Dark Night

On a darkened night,
Anxious, by love inflamed,
– O the sheer grace! –
Unnoticed, I took flight,
My house at last at peace and quiet.

Safe, disguised by the night,
By the secret ladder I took flight,
– O the sheer grace! –
Cloaked by darkness, I scaled the height,
My house at last at peace and quiet.

On that blessed night,
In secret, and seen by none,
None in sight,
I saw with no other guide or light,
But the one burning in my heart bright.

This guide, this light,
Brighter than the midday sun,
Led me to the waiting One
I knew so well — my delight!
To a place with none in sight.

O night! O guide!
O night more loving than the dawn!
O night that joined
The lover with the Beloved;
Transformed, the lover into the Beloved drawn!

Upon my flowered breast,
For him alone kept fair,
There he slept
There I caressed,
There the cedars gave us air.

I drank the turret’s cool air
Spreading playfully his hair.
And his hand, so serene,
Slashed my throat.
And drained of senses, I dropped unaware.

Lost to myself and yet remaining,
Inclined so only the Beloved I spy.
All has ceased, all rests,
Even my cares, even I;
Lost among the lilies, there I die.

St John of the Cross

The glory of the poem is the sudden shock in the second to last stanza. And yet, the final stanza is just as necessary.

Overall, it asks us to re-conceive what it is it to experience communion with God.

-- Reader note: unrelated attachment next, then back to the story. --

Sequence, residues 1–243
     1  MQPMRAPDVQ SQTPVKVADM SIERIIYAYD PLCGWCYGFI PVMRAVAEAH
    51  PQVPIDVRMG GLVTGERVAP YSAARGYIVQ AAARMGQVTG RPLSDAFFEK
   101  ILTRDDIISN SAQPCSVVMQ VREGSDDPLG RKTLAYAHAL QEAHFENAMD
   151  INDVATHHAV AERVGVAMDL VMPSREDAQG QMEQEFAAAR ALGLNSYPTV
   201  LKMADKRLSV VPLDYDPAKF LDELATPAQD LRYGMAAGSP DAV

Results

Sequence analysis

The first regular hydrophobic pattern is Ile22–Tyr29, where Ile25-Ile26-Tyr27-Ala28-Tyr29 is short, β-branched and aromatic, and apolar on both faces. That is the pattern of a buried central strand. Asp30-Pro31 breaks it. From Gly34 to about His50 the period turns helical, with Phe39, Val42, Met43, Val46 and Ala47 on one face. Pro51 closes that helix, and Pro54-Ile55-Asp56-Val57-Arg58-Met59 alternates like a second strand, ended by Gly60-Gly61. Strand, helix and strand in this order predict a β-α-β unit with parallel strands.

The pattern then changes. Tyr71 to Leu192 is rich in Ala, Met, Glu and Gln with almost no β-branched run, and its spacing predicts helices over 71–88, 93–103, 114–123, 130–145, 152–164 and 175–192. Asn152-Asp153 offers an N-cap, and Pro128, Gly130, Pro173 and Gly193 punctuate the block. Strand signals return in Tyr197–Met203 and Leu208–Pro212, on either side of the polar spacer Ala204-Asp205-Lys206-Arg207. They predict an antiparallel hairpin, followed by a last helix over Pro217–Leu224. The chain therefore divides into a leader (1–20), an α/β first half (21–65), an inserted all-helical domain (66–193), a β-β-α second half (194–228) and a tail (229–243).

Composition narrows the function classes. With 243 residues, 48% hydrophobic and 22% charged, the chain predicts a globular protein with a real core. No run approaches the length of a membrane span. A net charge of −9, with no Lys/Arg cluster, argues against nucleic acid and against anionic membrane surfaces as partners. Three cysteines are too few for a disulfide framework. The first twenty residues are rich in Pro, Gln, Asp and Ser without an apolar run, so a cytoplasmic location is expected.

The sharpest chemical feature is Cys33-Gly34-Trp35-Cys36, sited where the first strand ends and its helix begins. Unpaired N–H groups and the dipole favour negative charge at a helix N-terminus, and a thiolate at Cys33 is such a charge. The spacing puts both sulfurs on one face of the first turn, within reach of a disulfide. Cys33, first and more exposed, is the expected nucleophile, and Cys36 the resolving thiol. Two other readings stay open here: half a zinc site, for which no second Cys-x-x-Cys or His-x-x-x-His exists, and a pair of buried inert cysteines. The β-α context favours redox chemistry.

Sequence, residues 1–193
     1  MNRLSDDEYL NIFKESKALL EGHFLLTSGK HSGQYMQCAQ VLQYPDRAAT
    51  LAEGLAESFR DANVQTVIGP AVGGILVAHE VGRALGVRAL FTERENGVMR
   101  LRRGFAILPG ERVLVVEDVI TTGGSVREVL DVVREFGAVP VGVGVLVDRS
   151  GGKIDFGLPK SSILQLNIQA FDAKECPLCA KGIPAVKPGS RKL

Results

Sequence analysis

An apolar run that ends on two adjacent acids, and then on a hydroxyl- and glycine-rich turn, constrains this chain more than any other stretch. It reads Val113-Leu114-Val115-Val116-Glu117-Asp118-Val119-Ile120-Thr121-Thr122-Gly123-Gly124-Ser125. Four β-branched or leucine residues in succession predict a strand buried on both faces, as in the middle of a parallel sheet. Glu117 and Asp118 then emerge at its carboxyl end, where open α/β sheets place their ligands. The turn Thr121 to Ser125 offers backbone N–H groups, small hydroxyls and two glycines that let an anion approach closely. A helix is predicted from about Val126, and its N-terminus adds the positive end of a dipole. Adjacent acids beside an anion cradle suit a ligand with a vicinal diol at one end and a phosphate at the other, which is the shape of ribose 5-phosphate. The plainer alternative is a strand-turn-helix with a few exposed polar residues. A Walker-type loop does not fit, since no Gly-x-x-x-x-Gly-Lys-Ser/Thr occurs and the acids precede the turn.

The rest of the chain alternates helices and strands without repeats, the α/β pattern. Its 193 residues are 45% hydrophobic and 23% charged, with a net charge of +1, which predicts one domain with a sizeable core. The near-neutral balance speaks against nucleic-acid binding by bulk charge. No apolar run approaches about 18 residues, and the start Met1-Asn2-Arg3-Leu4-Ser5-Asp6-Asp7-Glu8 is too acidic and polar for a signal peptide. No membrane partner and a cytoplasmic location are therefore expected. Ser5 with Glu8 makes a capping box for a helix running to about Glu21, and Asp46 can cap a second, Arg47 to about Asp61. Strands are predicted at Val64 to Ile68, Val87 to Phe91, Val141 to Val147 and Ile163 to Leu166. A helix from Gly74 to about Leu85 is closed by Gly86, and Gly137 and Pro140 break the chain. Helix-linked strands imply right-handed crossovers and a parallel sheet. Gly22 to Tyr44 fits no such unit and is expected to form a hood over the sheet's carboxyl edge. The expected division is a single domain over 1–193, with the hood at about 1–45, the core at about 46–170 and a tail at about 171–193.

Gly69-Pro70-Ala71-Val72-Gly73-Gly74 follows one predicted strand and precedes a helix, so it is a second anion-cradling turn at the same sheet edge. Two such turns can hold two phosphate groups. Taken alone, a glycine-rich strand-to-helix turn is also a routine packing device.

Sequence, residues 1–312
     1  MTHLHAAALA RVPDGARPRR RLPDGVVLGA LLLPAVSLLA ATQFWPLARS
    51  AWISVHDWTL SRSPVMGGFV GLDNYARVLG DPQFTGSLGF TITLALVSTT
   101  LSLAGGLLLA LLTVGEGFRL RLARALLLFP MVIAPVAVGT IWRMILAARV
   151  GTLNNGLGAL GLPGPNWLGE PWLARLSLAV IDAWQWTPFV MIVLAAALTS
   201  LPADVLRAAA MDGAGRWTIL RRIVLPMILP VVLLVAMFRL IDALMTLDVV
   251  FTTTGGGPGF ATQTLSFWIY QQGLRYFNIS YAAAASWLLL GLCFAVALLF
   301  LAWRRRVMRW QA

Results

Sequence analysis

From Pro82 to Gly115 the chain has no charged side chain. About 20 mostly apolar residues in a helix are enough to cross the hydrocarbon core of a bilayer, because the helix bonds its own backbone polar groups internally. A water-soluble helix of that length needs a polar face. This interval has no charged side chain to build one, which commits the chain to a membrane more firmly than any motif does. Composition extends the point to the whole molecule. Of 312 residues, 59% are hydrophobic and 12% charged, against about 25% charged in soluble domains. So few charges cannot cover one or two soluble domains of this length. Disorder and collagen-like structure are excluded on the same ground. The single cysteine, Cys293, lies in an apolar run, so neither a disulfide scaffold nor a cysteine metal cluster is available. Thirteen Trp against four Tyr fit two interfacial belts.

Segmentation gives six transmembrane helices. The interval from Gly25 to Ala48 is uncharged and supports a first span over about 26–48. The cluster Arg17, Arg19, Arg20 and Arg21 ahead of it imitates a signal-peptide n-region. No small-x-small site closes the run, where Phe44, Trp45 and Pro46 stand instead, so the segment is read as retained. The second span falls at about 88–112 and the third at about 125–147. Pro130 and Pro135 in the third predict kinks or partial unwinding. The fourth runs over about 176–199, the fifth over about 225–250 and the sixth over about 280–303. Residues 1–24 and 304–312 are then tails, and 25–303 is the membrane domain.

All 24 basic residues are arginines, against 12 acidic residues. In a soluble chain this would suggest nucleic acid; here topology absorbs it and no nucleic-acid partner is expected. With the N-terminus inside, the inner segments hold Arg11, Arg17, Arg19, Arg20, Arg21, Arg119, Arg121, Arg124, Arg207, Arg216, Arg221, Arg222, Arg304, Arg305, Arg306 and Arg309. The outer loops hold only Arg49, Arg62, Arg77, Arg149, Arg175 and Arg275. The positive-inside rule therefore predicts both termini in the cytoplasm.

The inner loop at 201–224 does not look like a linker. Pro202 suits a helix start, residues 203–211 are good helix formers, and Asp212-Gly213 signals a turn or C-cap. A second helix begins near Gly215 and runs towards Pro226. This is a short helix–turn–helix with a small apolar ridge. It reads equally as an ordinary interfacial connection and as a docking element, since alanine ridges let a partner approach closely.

Mormons – and most twenty first century Christians, I suspect, trained by our culture to seek individual validation and therapeutic fulfillment in our religion – tend to speak of communing with God as a comforting, secure event. God’s role as Father is read through the lens of modern parenting manuals – God should validate, protect, encourage and praise. God is domestic, and homey, and warm, a place to hide from the world.

I suspect these expectations tell us more about ourselves than about God.

I think of Job, of Ezekiel, of Alma the Younger and Paul, and there God seems overwhelming. John of the Cross found him at the other end of the dark night of the soul, beyond light, and comprehension, and expectation. There is not fear, but neither, exactly, is there safety. He does not pray to ask for anything – that is to miss the point. His spirituality is not purpose driven. It is rather to seek utter communion through the surrender of conditionals, to bare the throat to whatever God chooses to offer, rather than clinging to the spiritual tyranny of preconceptions.

There is glory in this, I think, though it can be a strange and terrible one.